Starting January 2016, I made a game or more a month for the whole year. I continued this until 2018, creating a corpus of 39 card or board games, including Looking For Group, Senpai Notice Me, and Dog Bear. Starting in 2019, I wanted to write about this experience, and advice I gained from doing it for you. Articles about the MGP are about that experience, the Monthly Game Project.
When I talk about my games there tends to be a split in game types, which tends to – but not always – lie along a price line. There are $10 games, which are made with a tiny number of cards, less art, and often a tight little system to play with. Some examples are Senpai Notice Me! and You Can’t Win, which are both excellent games I’m very happy with for how much they do with how little they’ve got room for. These games are almost like a unicycle, a tiny tight little system, and they’re mostly intermediary games, games that you play between other things. There are exceptions – The Botch, for example, is what I consider a mid-size game for its time and strategic investment, and Chin Music is a $15 game that nonetheless is playable with seven year olds, with almost no strategic depth or world-building.
The point is, that these games, we’ll call them the single wheel games, tend to be kind of easy to make, they tend to be a bit less demanding, and they tend to be faster to make. The games that take more time tend to have fewer mistakes in them that I think of as big. It’s easy for me to point out the problems of D-73C7 but it’s a tiny bit harder to talk about the problems in the games I think of as ‘medium,’ the games where I have stamped my name and a bit of my lore and my friends.
Burning Daylight is a game I love.
It’s a good game.
But I hate, hate, hate, how much better it could be.
If you haven’t seen this game, it’s basically a Hand Management game. You pick a handful of cards that represent your gang, then you send those gang members out to do missions, each one capable of doing something on their own, and then after they go out, they do something, then they come home. You can send them out as a group, and if you do, they can do a mission.
There’s a ton of stuff that’s just a little bit awkward about this game. The way injury works, the way the track progresses – players tend to want to move their characters differently to the way the rules work, which suggests that the rules I designed around were bad, and I should have been willing to pull them back. I still tangle with the feeling myself, if I should revisit the game entirely, strip back the rules, and redo a bunch of the cards? Maybe?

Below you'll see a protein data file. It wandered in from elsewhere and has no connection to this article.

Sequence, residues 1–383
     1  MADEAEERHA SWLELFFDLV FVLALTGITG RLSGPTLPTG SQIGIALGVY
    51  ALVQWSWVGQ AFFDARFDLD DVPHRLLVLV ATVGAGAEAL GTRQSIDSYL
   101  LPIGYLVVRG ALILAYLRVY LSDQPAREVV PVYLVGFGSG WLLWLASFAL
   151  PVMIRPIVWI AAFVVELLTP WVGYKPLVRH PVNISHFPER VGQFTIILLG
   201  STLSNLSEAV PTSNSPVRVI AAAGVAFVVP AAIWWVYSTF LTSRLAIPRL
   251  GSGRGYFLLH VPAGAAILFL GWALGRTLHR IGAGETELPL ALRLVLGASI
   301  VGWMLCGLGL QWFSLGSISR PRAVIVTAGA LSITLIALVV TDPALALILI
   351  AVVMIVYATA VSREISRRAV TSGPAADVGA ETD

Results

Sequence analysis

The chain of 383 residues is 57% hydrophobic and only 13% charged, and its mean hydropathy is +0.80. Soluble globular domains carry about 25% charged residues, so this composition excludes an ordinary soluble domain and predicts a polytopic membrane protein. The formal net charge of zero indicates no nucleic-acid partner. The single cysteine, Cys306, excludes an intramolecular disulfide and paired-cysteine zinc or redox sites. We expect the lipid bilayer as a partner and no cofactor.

But that’s not the important thing. Those are small things, they are ways to make a better game out of the good game. There’s a fatal flaw in Burning Daylight, or rather, an overwhelming flaw that bothers the hell out of me, and it’s at the start of the game, you have to pick your gang members. You pick five cards and those cards are your gang. They’re yours.
When you first pick the game up, you have no idea what those gang members do, how they interact with one another, if they’re good, or what kind of mix of them you want.
I filled these cards with as much personality as I could, I strived to make it so that you could like this cast of gangsters, and then I created potential pitfalls for players who made bad choices. Which sucks, it’s such a bad decision.
If you pick a good, mixed team, and if you know how some of the characters work together, this game can be fun, but at that point, you’re not creating your gang for this game, you’re picking up a gang. I gave players a way to take ownership of the game in some way, and then I made it so they could do that wrong and that drives me batty every time I think about it.
Burning Daylight took me months to make. I bought stock art I loved, I edited and refined it, like the art I use for Sector 86. I live-tweeted so many stages of the design process; there was a time where it was actually strongly reminsicent of Arctic Scavengers (and … well… maybe), another time it was almost a box game with tokens and a bag buying system. The game that came out is full of lore I like, characters I love and it looks great…
… and I keep gnawing away at the ways I could make it better.